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give us a chance. ffs.

December 16, 2012


men are so violent that they will literally use anything as a weapon against women and children.  give women and children a chance to survive the injuries inflicted on us by men.

ban guns.  now.

  1. December 16, 2012 11:37 pm

    Reblogged this on Name The Problem.

  2. December 17, 2012 4:24 am

    another author refusing to name the agent…..while claiming to be the only one brave enough to name the agent:

    America, now is the time for us to stop living in denial. We must address guns. We must address mental illness. We must have the courage and conviction to put aside our political views and deal with the task at hand.

    America, NOW IS THE TIME.

    yes all those mentally ill women with guns, killing every damn body….BTW at least one psychiatrist at one point was willing to admit that these doods usually arent mentally ill at all:

    the number one “risk factor” for being a violent predator and mass murderer is that the person in question is male. full stop.

  3. December 17, 2012 4:43 am

    One thing that occurred to me in hearing the coverage. Remember 9/11, when all we heard about was men’s courage, how men brought down the plane in Pennsylvania, and how crucial men are to “our” security? Here we have examples of six extraordinarily brave women, and not once have I heard this described as female heroism.

  4. December 17, 2012 6:25 am

    hi silverside

    i have heard the word used and interestingly ive seen this phrase more than once:

    Maryrose Kristopik’s actions during the Sandy Hook Elementary shooting can’t be described as anything but heroic. Thanks to her, 20 students survived Friday’s tragic events.

    Read more:

    cant be described as anything but heroic. weird huh? theres something thought-terminating or obfuscating about it — like they tried really hard not to have to use the word “heroic” but language failed them? or they qualified on a technicality or something and are simultaneously the objects of scorn because of it? what say you? i have literally seen this at least 3 times, and it might be that the news sources all rip each other off. but thats interesting too isnt it? one thought-terminating trope is all it takes to inform or comprise the global coverage of the event, including the tone and framing of the issues. the propaganda effect is complete.

  5. December 17, 2012 6:29 am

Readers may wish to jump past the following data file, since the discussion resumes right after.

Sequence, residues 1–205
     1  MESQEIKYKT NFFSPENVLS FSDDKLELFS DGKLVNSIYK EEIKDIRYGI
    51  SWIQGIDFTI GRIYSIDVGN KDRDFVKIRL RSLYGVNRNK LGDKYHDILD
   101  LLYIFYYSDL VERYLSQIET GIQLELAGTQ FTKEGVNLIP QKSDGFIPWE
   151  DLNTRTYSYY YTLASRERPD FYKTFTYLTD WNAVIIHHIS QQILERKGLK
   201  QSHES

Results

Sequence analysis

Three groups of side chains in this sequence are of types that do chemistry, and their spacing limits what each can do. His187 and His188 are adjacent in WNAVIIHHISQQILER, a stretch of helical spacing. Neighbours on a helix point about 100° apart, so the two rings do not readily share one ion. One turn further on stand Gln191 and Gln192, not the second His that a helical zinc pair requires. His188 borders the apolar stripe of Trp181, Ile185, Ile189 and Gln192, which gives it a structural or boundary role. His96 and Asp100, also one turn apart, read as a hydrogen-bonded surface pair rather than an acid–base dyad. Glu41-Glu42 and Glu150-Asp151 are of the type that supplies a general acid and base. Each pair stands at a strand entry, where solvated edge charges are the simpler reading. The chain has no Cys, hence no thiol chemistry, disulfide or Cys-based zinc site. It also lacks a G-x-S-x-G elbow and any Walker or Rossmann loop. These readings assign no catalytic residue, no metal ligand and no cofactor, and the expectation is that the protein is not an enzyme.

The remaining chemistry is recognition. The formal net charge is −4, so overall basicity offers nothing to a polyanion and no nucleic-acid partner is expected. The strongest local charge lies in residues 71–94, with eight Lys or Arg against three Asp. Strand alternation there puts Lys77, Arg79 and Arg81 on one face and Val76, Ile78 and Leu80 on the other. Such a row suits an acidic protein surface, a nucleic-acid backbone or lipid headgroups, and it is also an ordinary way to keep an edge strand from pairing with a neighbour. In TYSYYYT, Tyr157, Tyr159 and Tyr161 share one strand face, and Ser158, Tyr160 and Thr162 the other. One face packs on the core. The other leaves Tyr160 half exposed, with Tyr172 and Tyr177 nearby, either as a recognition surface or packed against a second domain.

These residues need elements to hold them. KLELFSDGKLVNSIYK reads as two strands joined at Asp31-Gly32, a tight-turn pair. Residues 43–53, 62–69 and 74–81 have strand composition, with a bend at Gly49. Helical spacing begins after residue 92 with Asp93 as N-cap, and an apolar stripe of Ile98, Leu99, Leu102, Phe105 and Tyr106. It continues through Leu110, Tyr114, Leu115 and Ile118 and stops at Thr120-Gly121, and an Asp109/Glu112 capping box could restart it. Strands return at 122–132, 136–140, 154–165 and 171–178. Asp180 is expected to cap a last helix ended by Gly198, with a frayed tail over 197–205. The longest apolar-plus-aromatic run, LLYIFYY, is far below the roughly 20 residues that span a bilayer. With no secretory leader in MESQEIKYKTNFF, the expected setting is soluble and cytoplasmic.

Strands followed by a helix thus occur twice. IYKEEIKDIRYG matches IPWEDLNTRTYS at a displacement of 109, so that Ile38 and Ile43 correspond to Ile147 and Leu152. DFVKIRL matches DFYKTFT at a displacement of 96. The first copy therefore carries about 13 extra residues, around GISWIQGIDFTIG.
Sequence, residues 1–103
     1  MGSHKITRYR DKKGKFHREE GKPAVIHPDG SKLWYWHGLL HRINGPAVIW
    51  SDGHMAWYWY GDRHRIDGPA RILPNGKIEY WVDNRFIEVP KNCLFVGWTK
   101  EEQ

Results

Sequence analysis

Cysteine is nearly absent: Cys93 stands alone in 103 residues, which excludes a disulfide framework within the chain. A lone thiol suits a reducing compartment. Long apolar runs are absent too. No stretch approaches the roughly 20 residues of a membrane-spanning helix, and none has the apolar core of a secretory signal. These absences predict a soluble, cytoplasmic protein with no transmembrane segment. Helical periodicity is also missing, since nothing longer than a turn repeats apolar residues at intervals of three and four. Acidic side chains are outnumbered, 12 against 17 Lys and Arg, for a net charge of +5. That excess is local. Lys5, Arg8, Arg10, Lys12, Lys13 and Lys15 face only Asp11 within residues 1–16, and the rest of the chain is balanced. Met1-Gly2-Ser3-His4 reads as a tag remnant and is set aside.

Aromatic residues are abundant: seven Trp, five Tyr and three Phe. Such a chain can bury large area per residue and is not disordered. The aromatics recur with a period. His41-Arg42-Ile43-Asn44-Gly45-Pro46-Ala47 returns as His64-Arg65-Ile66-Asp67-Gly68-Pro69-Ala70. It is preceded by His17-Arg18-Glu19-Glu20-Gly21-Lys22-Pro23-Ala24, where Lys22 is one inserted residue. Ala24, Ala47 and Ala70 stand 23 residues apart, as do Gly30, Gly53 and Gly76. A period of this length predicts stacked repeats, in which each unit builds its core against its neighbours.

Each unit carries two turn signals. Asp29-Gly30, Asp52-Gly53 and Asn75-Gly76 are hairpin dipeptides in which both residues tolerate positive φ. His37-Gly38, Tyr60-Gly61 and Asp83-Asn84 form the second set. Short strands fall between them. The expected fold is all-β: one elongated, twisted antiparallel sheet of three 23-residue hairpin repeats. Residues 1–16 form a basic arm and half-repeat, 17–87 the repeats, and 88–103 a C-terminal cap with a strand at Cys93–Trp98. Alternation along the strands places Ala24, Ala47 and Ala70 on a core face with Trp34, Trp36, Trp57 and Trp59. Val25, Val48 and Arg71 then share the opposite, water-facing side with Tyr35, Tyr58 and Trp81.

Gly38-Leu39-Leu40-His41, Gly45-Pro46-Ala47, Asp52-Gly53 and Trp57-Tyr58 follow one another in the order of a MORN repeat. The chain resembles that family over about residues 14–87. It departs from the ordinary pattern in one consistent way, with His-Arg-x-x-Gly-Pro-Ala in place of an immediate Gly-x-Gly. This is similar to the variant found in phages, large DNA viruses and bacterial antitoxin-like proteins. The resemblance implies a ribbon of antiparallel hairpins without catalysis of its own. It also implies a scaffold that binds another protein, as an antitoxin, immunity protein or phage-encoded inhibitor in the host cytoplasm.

ok i think i figured it out. “cant be described” is meant to be read subliminally, leaving the impression that no word in the english language applies — no word, including heroic. and the “anything but heroic” is meant to be taken literally. these women were NOT heroic. again its subliminal, and the effect is that its a reversal — it means the exact opposite of what it says. yes/no?

  6. BadDyke permalink
    December 17, 2012 3:07 pm

    “cant be described as anything but heroic.” Why would you even TRY as describing it as anything than what it was, UNLESS the unconscious strain of trying to describe a womans actions as heroic is too much…………..

    Or is it the usual, a woman has to be twice as good as a man for the same word to count.

    Just think how differently it reads if you just say ‘were heroic’ instead, rather than this namby-pamby word salad.

    Also, I might add, how different does “her actions were heroic” (i.e. the heroism belongs to these somehow disembodied actions not her at all) read compared to the plain and straightforward “she was a hero”.

    So, now we have TWO levels of removal/reversal, any word games allowed to get away from the straightforward — a man was a murderer, and women were heroes.

  7. December 17, 2012 4:37 pm

    yes “were heroic” would be the direct/correct way to say it. “cant be described as anything but heroic” reads exactly like “cant be described as heroic” or “cant be heroic.” its really fascinating to see this reversal in action. i might write about it. and YES to “namby pamby word salad.” thats exactly what it is!

  8. December 19, 2012 5:20 pm

    There are also statistics being put forward about how many killers are men. These statistics vary but do show the vast majority being men. The last such article I read was 92%, but even these statistics don’t go far enough. Because when they cite the 8% (figures vary) of killers that are women they fail to note one thing: The vast majority of these murders are in response to male violence, particularly domestic violence. They should not be included as murders by women.


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